As I am going through my systematic way of getting the canvas in front of me, pulling a word out of the bag, titling, dating and signing the back of each before painting and now setting a timer so the painting finishes at an arbitrary point.  I have a part of my shed where I stick the picked words up and at the moment my shed is quite stuffed with bags of stuff to get rid of from the house, oh – and the Lost Library 1950’s wheelbarrow – that it is a good thing I am working small scale.  (Business card sized).  The balance of mess and (sometimes hyper) organisation is a delicate one with me and it’s working at the moment, but I will have to find a way to push more space out of my shed…also, I was working alongside a decent sized spider this evening, which made me uneasy, but it was ok.

With choosing the word to work with out of a stable of words and therefore choosing the title before painting, I have been wondering what effect it has on the outcome?  I feel the word does influence the result, sometimes obviously and at others barely or maybe not at all.  How could I possible find out?

It is now just over a fortnight since the last day of Lost Library – Border Country.  I feel now I could have pared the performances down to the bare minimum of giving away of the text and the seedlings; the music could come into a separate part to the interpretation of the text into movement/dance with music inspired by the book.


Now fast approaching the culmination (Lost Library project, phase 1) of lots of work, plans, talking, meeting, emailing, designing, checking up on, decision making and days seemingly glued to a screen, daily seedling care along with further sowing, collecting adapted wheelbarrow tomorrow, mixed with snatched hours painting and dreaming in print designs, along with the burning desire to be able to start my Masters in Fine Art in the autumn (it all hinges on funding therefore I am also still doing lots of searching form filling work and letter writing).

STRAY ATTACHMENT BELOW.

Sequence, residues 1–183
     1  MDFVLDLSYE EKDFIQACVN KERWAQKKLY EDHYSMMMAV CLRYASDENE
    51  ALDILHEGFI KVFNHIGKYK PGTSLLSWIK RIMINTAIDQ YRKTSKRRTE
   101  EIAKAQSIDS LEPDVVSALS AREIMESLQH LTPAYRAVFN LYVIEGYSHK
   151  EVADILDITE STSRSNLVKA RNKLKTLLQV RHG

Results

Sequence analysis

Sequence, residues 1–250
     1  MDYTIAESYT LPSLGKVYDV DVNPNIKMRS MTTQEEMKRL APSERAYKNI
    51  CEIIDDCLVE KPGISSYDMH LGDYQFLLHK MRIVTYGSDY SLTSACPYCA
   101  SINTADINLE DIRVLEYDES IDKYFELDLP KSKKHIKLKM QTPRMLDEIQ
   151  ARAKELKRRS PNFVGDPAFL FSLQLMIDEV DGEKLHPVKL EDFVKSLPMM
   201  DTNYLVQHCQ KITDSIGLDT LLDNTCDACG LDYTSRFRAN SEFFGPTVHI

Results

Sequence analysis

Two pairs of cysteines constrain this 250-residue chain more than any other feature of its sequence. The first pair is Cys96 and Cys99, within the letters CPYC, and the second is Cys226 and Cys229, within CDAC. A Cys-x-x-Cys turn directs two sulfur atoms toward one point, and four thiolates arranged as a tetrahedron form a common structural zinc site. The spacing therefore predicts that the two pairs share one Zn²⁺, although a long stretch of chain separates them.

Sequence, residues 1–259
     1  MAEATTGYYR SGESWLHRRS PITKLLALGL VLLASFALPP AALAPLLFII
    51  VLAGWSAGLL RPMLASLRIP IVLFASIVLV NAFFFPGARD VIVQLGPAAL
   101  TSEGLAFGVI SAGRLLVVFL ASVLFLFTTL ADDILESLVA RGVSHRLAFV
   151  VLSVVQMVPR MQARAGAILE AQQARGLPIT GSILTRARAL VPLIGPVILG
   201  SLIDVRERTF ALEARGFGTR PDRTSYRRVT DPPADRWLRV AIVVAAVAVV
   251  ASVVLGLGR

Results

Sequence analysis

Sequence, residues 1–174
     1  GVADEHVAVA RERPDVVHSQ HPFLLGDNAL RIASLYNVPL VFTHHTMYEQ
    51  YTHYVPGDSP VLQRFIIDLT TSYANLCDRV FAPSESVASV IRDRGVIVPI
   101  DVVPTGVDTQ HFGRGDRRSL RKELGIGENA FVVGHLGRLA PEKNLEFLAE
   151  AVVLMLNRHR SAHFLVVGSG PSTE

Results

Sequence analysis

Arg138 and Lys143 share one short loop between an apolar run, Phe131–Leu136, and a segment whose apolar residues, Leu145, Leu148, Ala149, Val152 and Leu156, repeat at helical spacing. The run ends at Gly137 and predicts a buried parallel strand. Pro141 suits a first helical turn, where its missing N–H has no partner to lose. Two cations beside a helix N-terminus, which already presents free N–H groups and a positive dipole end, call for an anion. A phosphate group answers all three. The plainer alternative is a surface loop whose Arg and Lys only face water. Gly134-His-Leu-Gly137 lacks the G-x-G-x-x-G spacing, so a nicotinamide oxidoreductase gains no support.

I think I take to extreme the part of human nature which means we overestimate what we can achieve within a certain timeframe.  The tasks I set for myself are wildly optimistic.

In the midst of my Lost Library project, as I am now, I have quite a different perspective on it than I will have afterwards.  I am seeing patterns in what I am drawn to – the social nature of the project – my motivation in wanting to work with libraries.  In some ways this works both with and against my nature. The fiddly, nitty-gritty of the project (admin) – to and fro communications while entirely necessary to the way I have grown the project with others input, also detracts from my own focus and time available to make the most of the opportunity I have built for myself.  Other, wiser, artists in my position would likely have worked in partnership with an equally dedicated artist, but I did neither this, nor did I secure Arts Council funding, I did try, but the Arts Funding bubble is something I feel is a way off for me.  I cannot see where I fit anywhere within it.  I felt, after months of trying to find where my project might sit within the ACW scope, that I my project would be a round peg in a square hole and that my project would have to change so much that it would no longer be what I set out to do.  My project has changed significantly anyway since starting, but the changes I have felt where internally needed rather than forced on from outside forces.  The organic nature of the development in Lost Library keeps me on edge and I feel I have taken more risk with the project than any other previously.  I have felt that I am swimming against the current for the whole time.  (I don’t know why this is, just an observation).